Monday, 25 January 2010

Eiswein anyone?

Written in the white-out!

NASA Terra satellite pictures show the UK blanketed in snow from head to toe, the heaviest snowfall in fifty years apparently. All of the media suggest we stay inside, and here in the provinces the silence is palpable from the lack of traffic. The Scandinavians call it “hyggelig” which translates to being cosy, snug, friendly and home. Most of us, especially children and dogs, love the adventure of gambolling in the snow, discovering wild animal tracks, and the myriad games to play with the unaccustomed white ingredient.

If, like HA, you live in a village blessed with a plethora of pubs, wine bars and restaurants, the atmosphere is virtually après- ski. Brightly adorned jolly snow revellers can be seen trudging to the local watering holes to regale their cohorts with tales of their snowboard and tobogganing prowess on the local golf course. Suddenly we are transported back to times when just being local was the norm, with it being a rarity and a brave soul who travelled outside the village environs. Community spirit seems to have been awakened in these adverse weather conditions and bonhomie is blooming. Long may it last after the snow is but a memory.

While we frolic, in Germany and Austria as the first light of day dawns, intrepid pickers snip frozen grapes from the vine for the small, expensive and renowned harvest which makes Eiswein. The grapes are crushed whilst still frozen to produce this very sweet, highly acidic and much prized wine. This same process is carried out in Canada and other seasonally chilled climes where the result is termed Icewine. We think this would be an unusual and rather appropriate gift to take to a party this month. Waitrose lists Weingut Heribert Boch, Trittenheimer Apotheke Riesling Eiswein 2004 – a mouthful in more ways than one. Its luscious sweetness and lipsmacking acidity are great for lemon roulade or fruit pavlovas. The price is eyewatering too, at £29.99 for a half bottle.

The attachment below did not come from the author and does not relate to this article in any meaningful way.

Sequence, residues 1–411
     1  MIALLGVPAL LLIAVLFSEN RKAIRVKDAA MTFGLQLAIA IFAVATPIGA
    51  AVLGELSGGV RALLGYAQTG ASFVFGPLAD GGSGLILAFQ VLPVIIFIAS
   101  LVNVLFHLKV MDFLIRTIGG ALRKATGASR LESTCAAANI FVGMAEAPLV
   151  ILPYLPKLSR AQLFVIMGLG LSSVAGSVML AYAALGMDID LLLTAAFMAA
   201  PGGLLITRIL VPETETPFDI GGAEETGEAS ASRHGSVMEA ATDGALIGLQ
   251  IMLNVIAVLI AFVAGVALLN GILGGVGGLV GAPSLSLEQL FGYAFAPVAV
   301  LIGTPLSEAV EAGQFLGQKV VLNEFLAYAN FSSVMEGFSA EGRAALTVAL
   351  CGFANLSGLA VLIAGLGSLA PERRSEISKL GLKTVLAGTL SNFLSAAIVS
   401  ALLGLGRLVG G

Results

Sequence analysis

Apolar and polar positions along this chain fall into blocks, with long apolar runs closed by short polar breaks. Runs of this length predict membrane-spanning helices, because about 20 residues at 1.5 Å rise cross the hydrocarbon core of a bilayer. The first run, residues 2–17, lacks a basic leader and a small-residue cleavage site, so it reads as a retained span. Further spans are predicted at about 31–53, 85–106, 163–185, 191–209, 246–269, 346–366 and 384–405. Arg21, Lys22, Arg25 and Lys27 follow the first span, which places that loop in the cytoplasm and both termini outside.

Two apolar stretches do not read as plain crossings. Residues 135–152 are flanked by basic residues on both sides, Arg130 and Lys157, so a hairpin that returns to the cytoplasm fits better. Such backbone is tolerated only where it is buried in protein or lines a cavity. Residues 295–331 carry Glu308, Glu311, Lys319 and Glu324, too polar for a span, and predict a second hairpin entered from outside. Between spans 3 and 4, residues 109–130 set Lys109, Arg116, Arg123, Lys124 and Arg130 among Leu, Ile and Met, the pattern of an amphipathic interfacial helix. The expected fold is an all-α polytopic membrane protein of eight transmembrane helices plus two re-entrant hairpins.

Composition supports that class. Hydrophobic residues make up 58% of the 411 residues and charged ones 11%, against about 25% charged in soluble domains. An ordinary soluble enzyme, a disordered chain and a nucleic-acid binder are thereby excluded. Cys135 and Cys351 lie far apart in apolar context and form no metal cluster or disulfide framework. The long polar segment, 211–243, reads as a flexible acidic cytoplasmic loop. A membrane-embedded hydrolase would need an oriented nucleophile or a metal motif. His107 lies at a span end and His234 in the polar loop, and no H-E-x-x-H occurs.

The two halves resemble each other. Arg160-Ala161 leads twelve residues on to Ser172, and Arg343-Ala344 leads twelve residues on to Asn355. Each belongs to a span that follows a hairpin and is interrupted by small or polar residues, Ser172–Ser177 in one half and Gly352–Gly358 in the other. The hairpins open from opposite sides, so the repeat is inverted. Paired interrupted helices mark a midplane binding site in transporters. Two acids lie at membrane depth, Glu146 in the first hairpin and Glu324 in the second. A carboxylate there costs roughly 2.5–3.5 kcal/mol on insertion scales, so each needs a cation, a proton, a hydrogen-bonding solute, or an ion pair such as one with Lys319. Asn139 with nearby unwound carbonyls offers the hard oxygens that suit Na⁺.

It will be interesting to see if our English vineyards are able to take advantage of the freeze, minimise wastage and tap into the Icewine practice. Keep your eyes peeled for the English version later this year. ....What could it be called....”Frozen wastes” or perhaps “Surrey Cold”!

Both Heathers agree that a good big red helps keep the cold at bay, and in fact it seems the natural beverage to imbibe at this time of year. HA was given a wonderful selection of South African reds as a Christmas gift – Galpin Peak 2008, a pinot noir from Walker Bay near Hermanus, produced by the Bouchard Finlayson Winery on this sunny Western Cape is an accomplished reflection of the fertile terroir. Something different is Whole Berry Cabernet Sauvignon 2007, grown, made and bottled on the Springfield Estate “by 9th generation Huguenots”. This wine claims to be harvested and developed by the ancestral (ie by hand) method, and developed using a gravity flow system with no pumps or crushers involved. This traditional method of production, using only the natural yeasts, and which is unfiltered and unfined, results in softer tannins and complex characteristics. Shipped by Bibendum and selling for £10.73 a bottle, this is definitely worthy of your palate.

Alternative, economic, invigorating, unusual (any more vowels?): this describes some of the wines we have tasted recently and from which we have selected some delicious examples to offer you. These non-supermarket wines represent real value and interest to the most discerning connoisseur. A six bottle around the world case for just £49.99. A real January re-juvenator.
We are delighted to get your feedback on the above and almost any vinous subject. Next we will be looking at restaurants and wine bars and would be delighted to receive your views on local hotspots, heroes and villains. We will be giving you our unbiased, un-pc views in the next edition of our Surrey Advertiser column. Trinny and Susannah have got nothing on us!!!

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